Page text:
No. There is no constitutional right to appointed counsel in civil cases, and I am not aware of any state or local jurisdiction which provides such counsel.
There may be attorneys that may be willing to voluntarily accept the case on a pro bono basis, there is no mechanism for having such counsel appointed by the court.
As to your specific theory, unless you're being sued by the state or a state actor, defamation suits are not generally considered to abridge the freedom of speech. Further, the question is not whether "certain personal liberties are at stake," it's whether the case is criminal or civil. If it's criminal, you have the right to an attorney, and one will be appointed if you cannot afford one. If it's civil, if you cannot afford an attorney, you will have to do without.
This answer does not constitute legal advice and does not establish an attorney-client relationship.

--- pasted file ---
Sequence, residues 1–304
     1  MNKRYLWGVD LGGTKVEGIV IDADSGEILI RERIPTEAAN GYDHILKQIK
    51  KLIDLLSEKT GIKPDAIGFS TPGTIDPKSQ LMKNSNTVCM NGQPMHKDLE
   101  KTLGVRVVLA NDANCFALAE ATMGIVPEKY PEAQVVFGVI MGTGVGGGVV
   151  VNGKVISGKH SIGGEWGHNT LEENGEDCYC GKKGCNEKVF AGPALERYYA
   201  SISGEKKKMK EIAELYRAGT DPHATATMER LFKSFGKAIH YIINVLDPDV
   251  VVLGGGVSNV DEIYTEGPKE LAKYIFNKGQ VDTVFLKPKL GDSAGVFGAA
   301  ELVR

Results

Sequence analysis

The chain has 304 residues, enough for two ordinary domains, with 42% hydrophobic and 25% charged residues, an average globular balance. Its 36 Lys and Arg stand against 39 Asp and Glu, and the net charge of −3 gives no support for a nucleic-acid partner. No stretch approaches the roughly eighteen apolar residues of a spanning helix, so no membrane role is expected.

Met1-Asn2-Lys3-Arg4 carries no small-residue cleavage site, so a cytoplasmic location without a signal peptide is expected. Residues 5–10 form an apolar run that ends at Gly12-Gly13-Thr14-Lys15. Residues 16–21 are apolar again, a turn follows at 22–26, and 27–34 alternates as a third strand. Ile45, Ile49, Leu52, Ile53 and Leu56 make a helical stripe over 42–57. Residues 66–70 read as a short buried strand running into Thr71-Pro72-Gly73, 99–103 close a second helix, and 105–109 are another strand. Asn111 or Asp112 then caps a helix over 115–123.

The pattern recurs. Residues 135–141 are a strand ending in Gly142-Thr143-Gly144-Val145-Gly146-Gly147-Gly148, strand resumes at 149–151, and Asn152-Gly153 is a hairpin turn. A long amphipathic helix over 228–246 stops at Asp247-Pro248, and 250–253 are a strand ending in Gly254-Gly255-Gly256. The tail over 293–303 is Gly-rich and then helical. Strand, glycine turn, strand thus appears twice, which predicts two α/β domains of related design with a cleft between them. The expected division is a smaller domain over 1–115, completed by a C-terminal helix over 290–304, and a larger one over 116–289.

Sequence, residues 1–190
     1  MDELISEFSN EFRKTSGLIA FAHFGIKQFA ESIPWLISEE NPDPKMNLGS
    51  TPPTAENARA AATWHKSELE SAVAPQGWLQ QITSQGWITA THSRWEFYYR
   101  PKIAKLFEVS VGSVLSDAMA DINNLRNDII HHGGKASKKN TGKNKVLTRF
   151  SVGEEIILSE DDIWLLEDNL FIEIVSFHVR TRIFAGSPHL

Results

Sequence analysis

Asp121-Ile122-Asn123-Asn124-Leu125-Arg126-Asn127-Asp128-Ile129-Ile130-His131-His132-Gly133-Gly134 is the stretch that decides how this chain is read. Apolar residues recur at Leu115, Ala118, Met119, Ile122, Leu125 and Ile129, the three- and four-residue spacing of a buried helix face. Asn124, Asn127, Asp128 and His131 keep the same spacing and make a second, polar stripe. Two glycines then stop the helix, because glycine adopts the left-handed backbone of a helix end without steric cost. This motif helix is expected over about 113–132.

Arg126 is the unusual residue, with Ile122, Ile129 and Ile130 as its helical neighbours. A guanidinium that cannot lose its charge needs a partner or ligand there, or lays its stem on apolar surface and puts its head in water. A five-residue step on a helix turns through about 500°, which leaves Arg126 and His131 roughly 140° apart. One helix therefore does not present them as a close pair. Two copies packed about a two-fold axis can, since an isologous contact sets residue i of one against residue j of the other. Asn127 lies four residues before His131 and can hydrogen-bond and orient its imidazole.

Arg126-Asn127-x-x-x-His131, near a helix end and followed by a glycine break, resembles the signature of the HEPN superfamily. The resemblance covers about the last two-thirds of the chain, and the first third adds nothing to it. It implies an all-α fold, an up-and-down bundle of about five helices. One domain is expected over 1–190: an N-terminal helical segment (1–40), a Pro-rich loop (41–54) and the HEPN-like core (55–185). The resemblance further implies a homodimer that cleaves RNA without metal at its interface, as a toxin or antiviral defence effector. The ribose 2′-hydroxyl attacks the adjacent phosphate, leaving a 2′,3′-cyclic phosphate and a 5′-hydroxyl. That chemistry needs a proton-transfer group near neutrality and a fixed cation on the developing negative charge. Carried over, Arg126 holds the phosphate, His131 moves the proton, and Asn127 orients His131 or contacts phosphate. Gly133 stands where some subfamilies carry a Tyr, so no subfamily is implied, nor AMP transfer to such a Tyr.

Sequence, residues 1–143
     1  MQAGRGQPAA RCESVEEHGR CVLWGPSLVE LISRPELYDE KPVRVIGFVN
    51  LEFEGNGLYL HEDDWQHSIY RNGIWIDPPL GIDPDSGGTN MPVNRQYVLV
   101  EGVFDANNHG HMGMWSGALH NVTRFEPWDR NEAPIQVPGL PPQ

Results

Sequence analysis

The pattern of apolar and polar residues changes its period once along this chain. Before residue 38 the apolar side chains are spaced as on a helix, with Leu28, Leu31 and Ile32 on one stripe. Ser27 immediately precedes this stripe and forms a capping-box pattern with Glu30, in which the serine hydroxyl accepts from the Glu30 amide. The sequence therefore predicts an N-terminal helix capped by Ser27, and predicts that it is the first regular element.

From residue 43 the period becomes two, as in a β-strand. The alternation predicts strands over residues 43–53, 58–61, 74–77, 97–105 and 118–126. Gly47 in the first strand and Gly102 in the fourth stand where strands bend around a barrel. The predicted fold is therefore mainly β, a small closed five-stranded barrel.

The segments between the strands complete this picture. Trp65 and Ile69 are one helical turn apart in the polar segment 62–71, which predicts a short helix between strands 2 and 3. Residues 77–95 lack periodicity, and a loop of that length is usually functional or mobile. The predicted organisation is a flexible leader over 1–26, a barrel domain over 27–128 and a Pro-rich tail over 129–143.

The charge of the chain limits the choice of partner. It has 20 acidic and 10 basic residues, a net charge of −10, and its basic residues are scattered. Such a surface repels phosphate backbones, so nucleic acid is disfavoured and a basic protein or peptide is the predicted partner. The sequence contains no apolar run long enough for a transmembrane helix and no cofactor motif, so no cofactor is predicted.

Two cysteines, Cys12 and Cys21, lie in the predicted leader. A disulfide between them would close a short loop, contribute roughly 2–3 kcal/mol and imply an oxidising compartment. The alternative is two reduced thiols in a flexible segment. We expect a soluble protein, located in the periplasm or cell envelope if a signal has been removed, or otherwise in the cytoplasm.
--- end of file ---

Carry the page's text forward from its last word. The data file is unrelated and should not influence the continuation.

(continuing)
You need to contact your local bar association or legal aide organization. Many of these organizations offer pro bono services to indigent clients. Unless you have been charged with a crime, you do not have the right to a court appointed attorney.
Every situation is different and no one should rely solely on information received from the internet. If you have any questions about your legal rights, you should consult with an attorney that practices in that area of law. Nothing in this message should be construed as creating any type of attorney-client relationship.
There is no right to appointed counsel in a civil case.
You might want to contact legal aid to see if you meet its criteria for the appointment of a lawyer to help you.
This is a summary based on incomplete facts. You should not rely on it as legal advise. No attorney-client relationship is intended to be formed.
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